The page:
Should we criticize the makers of this film for being heavy-handed with their environmental conservation message? I for one don’t think so. Kids should learn at a young age how destructive globalization has been to the planet we live on. Being environmentally conscious should be second nature to the young generation. It’s a must or else the place we live on won’t be livable much longer. Seems to make sense to me and not be something to criticize. Who better to teach kids about the environment and the negative impact we humans have on it than a doctor? Especially the beloved for generations Dr. Seuss.
Though the story is not exactly as Dr. Seuss wrote it – there are a couple of new characters added and a dance scene – it still retains its original message. In Thneedville the inhabitants live in blissful ignorance thinking that their lives are perfect. Life isn’t perfect in this town and how could it be as they have no trees. The lack of trees has rendered the air quality very poor, thank you very much. A local man Mr. O’Hare (Rob Riggle – Step Brothers, The Other Guys) has come up with a way to sell clean air and has made quite a bit of money doing it.
Another resident of Thneedville is 12-year-old Ted (Zac Efron – 17 Again, New Year’s Eve), who is a young man on a mission. He has fallen for an older woman. Audrey (Taylor Swift – Valentine’s Day) is in high school, but Ted is goo goo for her. One day she shows Ted a mural she’s painted that contains the extinct Truffula tree. She let it slip that if any man was able to find the actual tree for her she would marry him on the spot. Well, that’s all that prepubescent Ted had to hear as he becomes a man with a mission.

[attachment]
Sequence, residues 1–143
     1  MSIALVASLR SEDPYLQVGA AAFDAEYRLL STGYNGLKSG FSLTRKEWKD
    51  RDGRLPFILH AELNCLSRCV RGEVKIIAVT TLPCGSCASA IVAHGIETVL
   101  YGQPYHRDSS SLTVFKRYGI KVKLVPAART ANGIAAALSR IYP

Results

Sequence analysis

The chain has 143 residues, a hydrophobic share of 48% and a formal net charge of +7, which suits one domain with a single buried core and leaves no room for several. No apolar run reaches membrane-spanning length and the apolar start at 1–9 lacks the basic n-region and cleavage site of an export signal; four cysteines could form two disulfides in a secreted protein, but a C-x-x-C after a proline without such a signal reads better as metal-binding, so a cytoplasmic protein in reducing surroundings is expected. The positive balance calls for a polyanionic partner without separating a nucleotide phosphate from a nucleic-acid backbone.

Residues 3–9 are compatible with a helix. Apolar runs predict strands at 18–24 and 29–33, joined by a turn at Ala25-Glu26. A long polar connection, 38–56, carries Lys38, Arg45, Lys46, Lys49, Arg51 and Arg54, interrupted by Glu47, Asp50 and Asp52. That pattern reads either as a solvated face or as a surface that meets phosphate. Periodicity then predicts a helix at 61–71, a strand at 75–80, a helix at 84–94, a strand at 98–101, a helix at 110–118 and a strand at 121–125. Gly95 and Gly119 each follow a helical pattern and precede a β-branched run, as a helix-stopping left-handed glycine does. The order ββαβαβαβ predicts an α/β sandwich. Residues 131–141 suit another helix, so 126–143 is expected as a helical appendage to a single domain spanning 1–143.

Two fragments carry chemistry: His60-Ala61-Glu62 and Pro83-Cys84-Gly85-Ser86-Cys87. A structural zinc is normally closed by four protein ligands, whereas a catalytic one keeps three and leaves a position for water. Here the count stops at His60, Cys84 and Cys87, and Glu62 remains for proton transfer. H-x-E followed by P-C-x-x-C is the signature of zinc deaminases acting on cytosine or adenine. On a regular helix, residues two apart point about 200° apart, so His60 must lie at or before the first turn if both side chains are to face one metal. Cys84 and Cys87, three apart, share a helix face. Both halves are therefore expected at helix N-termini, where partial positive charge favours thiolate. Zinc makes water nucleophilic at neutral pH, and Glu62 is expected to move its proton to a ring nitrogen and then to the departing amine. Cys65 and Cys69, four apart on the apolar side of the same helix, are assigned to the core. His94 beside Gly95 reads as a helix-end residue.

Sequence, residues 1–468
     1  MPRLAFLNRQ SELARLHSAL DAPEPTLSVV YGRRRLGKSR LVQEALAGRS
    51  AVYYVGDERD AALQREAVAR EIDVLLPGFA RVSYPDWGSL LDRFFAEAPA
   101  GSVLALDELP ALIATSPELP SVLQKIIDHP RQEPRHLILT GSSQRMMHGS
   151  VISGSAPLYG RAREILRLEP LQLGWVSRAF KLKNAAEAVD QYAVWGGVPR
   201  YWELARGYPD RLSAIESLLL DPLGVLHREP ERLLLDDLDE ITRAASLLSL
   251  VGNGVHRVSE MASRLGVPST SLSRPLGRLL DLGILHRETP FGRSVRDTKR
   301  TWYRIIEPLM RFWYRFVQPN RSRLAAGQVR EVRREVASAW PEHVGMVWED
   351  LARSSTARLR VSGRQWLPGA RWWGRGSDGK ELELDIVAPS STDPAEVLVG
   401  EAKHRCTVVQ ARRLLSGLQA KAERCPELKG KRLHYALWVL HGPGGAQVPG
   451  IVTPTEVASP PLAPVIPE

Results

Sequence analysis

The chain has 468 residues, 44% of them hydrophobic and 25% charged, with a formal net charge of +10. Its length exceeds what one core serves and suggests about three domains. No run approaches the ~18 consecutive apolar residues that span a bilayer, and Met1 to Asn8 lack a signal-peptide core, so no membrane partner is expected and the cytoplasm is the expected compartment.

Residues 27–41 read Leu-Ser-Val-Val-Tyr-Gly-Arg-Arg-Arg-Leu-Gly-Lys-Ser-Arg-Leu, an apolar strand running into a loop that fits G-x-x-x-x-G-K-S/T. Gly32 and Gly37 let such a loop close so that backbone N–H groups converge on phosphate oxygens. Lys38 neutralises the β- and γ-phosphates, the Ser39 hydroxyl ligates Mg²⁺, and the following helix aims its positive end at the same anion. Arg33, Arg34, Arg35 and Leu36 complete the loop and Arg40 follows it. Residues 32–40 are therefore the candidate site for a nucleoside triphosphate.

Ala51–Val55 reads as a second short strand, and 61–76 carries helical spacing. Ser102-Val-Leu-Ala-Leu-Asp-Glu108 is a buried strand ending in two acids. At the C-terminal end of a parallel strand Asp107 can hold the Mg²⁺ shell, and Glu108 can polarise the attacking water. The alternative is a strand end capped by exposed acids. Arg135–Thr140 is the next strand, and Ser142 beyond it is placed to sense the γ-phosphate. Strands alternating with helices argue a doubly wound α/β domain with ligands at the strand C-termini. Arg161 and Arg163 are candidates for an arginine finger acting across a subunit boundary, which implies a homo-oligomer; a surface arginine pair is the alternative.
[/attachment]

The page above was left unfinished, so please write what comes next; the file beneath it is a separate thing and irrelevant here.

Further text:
Ted first turns to his mother (Jenny Slate – This Means War, Alvin and the Chipmunks: Chipwrecked) and Grammy Norma (Betty White – from television’s Hot in Cleveland) for help. His mother comes up with nothing, but Grammy Norma tells Ted that he will have to find the believed to possibly be mythical creature, Once-ler (Ed Helms – The Hangover, Cedar Rapids), who lives outside the walls of Thneedville.
Once Ted finds the Once-ler over the course of several visits listens to his story about the trees and their disappearance. This attracts the attention of Mr. O’Hare and he feels he is going to have to eliminate this 12-year-old threat to his business.
As an adult watching The Lorax I began to wonder how we have become so disconnected from the planet we live on. We see the negative effect we are having and don’t seem to give much of a damn. Made me think! Agreed that some of the messages about greed will go over the little ones’ heads, but they still will enjoy the big dance/production number that introduces it. Meaning that this is a film that can be enjoyed on several levels.
All the environmental messages are delivered in the crazy and colourful way only Dr. Seuss can. The songs are fun, every character is brightly coloured and funny. The 3D is marvelous and adds plenty to the film, but it doesn’t suffer any in 2D.
Some Dr. Seuss fanatics might have a problem with the insertion of a new character (O’Hare) and a love story (Ted and Audrey), but the two new things do get the story moving along. Directors Chris Renaud (Despicable Me) and Kyle Balda (first film) don’t take away (like we have with the Earth’s natural resources) they add to make the story work.
-Mini-Movies: Wagon Ho!, Forces of Nature, Serenade
-Making of Mini Movies
-Expedition of Truffala Valley
-Seuss to Screen
-Three Kids’ Games: Once-ler’s Wagon, Get Out of Town, Truffula Run
-Let it Grow Sing-Along